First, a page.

The painting has some small losses and minor abrasion, but overall it is in good condition. The fine overall crackle pattern is most visible in the white columns. The crackle in this area has been minimized with inpainting. The gold at the ends of the vaulted ceiling ribs may be restoration.
 Infrared reflectography was performed using a FLIR Indigo/Alpha VisGaAs camera.
- Houbraken, Arnold. De Groote Schouburgh der Nederlantsche Konstschilders en Schilderessen. 3 vols. in 1. (Facsimile edition, Amsterdam, 1976). The Hague, 1753: 1:283.
- Manke, Ilse. Emanuel de Witte, 1617-1692. Amsterdam, 1963: 93, no. 65, pl. 46.
- Noortman & Brod Ltd. Inaugural exhibition of fine paintings and drawings. Exh. cat. Noortman & Brod Ltd, New York, 1981: unpaginated, no. 15, repro.
- Liedtke, Walter A. Architectural painting in Delft: Gerard Houckgeest, Hendrick van Vliet, Emanuel de Witte. Doornspijk, 1982: 125-126, pl. IX.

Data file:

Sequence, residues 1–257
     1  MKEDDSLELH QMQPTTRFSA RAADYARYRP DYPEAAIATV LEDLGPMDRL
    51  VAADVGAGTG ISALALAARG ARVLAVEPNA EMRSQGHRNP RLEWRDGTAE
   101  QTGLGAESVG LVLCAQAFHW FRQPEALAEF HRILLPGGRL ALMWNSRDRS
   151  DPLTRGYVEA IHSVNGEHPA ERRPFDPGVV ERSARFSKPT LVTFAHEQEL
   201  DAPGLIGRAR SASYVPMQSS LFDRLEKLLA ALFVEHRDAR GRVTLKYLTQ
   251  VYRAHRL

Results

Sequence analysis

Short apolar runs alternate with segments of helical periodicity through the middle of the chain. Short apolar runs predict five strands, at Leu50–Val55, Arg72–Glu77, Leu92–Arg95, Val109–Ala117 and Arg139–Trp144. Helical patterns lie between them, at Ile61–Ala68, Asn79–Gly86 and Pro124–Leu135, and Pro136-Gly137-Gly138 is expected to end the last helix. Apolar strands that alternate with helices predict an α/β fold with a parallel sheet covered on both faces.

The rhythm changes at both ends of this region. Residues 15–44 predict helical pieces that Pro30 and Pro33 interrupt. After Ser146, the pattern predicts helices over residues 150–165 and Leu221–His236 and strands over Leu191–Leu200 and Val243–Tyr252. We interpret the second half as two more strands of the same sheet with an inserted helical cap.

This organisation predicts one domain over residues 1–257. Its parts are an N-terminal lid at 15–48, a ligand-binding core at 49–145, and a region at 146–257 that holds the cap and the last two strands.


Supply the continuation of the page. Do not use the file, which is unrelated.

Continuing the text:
- Lopez, Janet Ruth Gardner. "The Church Interiors of Emanuel de Witte." M.A. thesis, University of Delaware, 1987: 26-29, fig. 18.
- Sontag, Susan. "The Pleasure of the Image." Art in America 75, no. 11 (November 1987): 126, repro. 127.
- "Gifts and Acquisitions." National Gallery of Art Bulletin no. 33 (Summer 2005): 18, repro.
- Masello, David. "100 Top Treasures." Art and Antiques 28, no. 11 (November 2005): 93, fig. 64.
- Richard, Paul. "From the Collection. Washington's Prize Possessions." The Washington Post (July 17, 2005): N5, repro.
- Wheelock, Arthur K., Jr. "Emanuel de Witte: 'The Interior of the Oude Kerk, Amsterdam.'" National Gallery of Art Bulletin, no. 33 (2005): 18, repro.
- symbols and prefigurations
- the congregation
- scenes symbolizing vanitas
- the lifespan
- parents with children
- communal life
- vitality and mortality
- historical person +Arnold Houbraken + author critic